182 Working Off the Clock
Based on research by Jan Dettmers, Vahle-Hinz T., E. Bamberg, et al. written by Mara Rowcliffe, BS
When you’re not at work, do you check your email and answer work related phone calls?
Mobile communication now allows 24/7 availability. Is that good for workers?
According to a new study conducted by University of Hamburg psychologists, being easily accessible during off hours may adversely impact well-being. The researchers evaluated 132 working individuals in 13 companies to assess how working outside normal hours influenced people’s mood the next day. The participants completed daily surveys during four days when they were required to be available and four days when they were not required to be available during nonworking hours. Saliva samples were obtained to measure cortisol levels, a hormone the body releases in response to stress.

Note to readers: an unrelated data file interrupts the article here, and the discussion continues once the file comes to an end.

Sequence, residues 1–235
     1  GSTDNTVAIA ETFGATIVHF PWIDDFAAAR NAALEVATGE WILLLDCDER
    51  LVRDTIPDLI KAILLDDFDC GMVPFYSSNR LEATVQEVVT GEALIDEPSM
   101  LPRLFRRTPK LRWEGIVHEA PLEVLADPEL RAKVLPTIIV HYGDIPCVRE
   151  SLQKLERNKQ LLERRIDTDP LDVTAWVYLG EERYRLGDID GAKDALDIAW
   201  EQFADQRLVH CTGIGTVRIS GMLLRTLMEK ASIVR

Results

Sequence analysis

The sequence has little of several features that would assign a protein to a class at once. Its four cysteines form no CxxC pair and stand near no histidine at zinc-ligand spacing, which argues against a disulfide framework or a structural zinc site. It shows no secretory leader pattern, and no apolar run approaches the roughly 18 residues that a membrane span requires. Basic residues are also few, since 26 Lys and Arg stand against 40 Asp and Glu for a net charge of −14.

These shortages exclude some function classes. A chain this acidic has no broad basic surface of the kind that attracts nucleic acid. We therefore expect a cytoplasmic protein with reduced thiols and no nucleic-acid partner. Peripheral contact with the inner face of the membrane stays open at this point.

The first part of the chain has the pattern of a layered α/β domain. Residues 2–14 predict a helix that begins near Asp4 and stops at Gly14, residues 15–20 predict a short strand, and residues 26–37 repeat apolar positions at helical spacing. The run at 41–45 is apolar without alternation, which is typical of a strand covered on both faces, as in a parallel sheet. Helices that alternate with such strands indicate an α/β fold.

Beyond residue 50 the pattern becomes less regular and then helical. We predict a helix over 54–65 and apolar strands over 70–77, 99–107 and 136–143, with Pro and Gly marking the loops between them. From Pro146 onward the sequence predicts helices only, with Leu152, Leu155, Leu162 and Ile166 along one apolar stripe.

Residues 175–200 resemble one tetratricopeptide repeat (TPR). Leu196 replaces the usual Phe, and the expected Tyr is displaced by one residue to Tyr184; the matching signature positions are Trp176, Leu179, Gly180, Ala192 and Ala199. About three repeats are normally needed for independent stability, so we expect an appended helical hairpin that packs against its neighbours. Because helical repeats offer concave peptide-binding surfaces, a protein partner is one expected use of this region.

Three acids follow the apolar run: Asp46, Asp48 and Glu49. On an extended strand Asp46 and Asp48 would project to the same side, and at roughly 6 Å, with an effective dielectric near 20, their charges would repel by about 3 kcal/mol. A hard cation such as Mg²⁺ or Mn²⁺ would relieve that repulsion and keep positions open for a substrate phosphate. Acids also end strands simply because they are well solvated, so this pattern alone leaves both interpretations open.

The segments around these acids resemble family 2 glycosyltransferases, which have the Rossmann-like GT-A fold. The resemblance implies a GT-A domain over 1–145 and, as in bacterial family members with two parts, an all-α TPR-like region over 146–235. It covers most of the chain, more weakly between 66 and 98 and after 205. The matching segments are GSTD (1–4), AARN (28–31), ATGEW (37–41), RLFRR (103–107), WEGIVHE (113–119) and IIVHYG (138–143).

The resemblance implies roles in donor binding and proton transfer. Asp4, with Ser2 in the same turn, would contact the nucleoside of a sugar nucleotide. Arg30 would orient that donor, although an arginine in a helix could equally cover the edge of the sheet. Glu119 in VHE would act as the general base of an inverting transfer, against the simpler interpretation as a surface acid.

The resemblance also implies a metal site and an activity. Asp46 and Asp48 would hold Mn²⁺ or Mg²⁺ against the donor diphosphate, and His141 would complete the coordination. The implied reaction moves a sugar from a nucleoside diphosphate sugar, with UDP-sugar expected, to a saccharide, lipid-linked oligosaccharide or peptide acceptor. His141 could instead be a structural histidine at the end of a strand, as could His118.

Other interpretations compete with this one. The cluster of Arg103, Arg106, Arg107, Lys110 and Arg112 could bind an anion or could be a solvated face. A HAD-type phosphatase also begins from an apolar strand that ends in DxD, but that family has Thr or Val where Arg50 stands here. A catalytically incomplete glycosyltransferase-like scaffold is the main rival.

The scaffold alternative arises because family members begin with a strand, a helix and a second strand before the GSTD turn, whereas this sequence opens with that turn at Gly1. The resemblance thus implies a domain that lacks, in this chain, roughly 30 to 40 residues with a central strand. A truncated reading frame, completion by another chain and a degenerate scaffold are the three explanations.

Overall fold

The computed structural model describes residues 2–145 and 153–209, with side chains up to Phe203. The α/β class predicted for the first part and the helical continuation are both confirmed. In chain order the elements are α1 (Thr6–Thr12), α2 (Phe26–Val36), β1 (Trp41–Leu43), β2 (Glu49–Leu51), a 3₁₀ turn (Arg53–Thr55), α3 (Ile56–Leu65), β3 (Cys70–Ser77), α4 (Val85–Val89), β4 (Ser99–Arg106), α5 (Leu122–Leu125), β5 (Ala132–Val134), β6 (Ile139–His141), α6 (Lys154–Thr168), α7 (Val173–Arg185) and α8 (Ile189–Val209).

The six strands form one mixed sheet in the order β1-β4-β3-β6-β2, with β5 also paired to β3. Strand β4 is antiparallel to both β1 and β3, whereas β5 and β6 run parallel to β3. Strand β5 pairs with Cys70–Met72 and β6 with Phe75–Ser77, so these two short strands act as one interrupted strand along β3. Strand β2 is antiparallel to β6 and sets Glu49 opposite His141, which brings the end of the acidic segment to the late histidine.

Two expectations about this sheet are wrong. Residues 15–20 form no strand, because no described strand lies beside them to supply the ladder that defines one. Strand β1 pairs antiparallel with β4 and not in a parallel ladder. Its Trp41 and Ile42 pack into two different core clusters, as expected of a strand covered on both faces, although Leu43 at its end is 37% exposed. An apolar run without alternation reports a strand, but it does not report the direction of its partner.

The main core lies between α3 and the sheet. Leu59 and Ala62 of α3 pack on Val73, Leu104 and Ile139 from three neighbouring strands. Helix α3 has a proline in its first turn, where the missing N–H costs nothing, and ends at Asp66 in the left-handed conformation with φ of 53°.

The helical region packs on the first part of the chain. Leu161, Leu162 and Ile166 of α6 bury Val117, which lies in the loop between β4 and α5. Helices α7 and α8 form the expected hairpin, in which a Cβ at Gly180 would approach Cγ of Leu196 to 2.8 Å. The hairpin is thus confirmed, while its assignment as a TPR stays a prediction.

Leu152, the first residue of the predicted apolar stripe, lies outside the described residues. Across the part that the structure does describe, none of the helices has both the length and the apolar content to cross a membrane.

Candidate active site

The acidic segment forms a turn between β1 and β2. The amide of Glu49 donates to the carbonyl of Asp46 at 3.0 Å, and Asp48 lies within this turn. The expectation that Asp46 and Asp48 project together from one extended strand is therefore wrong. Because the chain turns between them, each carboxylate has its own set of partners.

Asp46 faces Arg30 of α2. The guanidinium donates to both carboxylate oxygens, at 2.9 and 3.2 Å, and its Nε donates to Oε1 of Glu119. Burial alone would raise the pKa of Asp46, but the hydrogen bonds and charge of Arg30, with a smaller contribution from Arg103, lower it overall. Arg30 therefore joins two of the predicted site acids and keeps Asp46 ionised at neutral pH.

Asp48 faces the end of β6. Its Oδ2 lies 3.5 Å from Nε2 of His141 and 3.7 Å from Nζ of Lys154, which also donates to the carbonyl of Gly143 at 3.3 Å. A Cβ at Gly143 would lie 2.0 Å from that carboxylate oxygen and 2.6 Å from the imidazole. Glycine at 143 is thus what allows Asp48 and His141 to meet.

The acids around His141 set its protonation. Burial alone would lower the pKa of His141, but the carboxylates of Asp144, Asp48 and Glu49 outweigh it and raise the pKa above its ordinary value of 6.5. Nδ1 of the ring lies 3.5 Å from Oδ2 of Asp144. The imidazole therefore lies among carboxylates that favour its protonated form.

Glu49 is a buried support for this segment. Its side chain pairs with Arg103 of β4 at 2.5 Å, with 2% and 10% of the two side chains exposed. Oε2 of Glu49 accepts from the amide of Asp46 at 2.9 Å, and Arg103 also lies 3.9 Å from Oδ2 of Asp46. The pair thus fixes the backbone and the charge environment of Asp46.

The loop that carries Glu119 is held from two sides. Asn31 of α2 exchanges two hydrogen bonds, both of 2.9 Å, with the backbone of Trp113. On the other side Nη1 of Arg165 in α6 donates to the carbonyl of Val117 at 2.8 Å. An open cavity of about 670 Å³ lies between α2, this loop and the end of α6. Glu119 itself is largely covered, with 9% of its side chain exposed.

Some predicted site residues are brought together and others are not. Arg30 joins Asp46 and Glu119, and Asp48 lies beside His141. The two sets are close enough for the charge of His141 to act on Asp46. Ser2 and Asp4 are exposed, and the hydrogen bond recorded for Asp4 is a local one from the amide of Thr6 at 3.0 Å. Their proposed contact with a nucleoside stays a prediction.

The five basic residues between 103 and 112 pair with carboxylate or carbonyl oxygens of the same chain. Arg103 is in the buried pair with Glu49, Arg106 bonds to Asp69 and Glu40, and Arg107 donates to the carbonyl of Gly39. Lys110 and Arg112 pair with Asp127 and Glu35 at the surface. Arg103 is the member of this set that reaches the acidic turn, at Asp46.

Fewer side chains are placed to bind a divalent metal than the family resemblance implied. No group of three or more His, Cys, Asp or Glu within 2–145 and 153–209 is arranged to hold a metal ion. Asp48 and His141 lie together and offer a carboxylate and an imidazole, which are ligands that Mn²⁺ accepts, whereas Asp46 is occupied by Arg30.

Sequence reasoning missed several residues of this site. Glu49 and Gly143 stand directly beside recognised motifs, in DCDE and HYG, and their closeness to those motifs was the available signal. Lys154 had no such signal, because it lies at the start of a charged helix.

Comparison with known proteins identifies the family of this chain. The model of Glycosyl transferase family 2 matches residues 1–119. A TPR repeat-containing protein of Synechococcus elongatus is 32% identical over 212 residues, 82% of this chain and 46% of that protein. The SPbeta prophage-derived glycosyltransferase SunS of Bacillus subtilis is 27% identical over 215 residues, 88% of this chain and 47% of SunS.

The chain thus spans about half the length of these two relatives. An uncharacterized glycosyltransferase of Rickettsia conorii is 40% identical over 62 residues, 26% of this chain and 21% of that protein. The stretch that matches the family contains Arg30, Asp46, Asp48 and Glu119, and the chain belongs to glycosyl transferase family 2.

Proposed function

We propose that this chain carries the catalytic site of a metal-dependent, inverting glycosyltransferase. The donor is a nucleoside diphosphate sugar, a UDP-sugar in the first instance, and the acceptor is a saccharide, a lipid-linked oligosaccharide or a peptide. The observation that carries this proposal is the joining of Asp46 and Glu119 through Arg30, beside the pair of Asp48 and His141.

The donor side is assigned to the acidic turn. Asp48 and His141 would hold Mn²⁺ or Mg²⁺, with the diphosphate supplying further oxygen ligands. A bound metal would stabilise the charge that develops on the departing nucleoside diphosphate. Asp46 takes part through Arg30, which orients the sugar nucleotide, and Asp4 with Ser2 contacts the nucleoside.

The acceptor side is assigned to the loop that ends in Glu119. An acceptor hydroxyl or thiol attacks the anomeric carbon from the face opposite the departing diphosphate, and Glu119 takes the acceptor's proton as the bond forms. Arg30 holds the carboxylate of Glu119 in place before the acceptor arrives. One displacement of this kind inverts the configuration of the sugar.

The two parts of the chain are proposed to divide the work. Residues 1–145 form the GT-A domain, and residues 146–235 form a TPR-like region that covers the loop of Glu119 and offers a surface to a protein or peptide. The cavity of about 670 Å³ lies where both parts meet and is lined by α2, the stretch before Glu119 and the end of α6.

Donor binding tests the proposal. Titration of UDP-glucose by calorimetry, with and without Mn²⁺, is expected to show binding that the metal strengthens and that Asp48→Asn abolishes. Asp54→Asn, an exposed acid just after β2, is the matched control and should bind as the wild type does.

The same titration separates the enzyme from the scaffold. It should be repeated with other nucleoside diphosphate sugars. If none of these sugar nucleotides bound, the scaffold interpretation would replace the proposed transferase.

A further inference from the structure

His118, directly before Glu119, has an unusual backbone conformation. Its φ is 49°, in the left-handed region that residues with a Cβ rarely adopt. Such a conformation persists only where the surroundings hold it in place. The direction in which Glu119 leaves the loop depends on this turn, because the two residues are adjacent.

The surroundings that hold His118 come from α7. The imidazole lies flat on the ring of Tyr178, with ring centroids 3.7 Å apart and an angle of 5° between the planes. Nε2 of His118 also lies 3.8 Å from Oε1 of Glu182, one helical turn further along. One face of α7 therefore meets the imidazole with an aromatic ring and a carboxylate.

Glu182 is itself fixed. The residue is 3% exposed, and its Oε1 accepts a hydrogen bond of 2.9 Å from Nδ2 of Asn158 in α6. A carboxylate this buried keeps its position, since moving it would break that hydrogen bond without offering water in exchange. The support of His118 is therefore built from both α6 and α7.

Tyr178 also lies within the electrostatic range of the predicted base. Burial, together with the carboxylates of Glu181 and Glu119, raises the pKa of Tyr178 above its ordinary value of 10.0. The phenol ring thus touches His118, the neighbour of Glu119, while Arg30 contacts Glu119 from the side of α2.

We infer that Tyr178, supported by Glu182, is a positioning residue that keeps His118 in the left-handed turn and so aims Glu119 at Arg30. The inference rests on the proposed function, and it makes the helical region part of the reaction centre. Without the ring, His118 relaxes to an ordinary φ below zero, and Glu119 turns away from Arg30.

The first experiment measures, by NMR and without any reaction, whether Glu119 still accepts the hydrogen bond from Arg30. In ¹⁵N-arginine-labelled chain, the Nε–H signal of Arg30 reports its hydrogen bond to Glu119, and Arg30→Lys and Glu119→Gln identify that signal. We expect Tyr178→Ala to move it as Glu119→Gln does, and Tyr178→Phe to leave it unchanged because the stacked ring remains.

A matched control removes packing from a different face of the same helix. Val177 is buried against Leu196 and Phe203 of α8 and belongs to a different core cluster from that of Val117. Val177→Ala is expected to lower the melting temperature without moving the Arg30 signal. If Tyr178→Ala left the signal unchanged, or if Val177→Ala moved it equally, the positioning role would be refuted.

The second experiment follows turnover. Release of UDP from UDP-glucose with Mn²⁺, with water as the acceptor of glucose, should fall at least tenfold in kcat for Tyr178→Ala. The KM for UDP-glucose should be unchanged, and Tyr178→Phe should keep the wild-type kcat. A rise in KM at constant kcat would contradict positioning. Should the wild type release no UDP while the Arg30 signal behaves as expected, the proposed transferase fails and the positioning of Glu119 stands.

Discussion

Results indicated that extended work availability reduced energy and calmness the following morning. The individuals who were on call and conducted additional work outside of normal hours also displayed higher stress levels. The researchers concluded that being expected to respond to emails and phone calls outside of work reduces true leisure time and might inhibit imperative resting time, prohibiting work recovery.
When it’s time to clock out, put your phone and computer away. Take time to relax. Rejuvenate!
Dettmers, Jan, Vahle-Hinz, T., Bamberg, E., Friedrich, N., & Keller, M. (2015). Extended Work Availability and Its Relation With Start-of-Day Mood and Cortisol.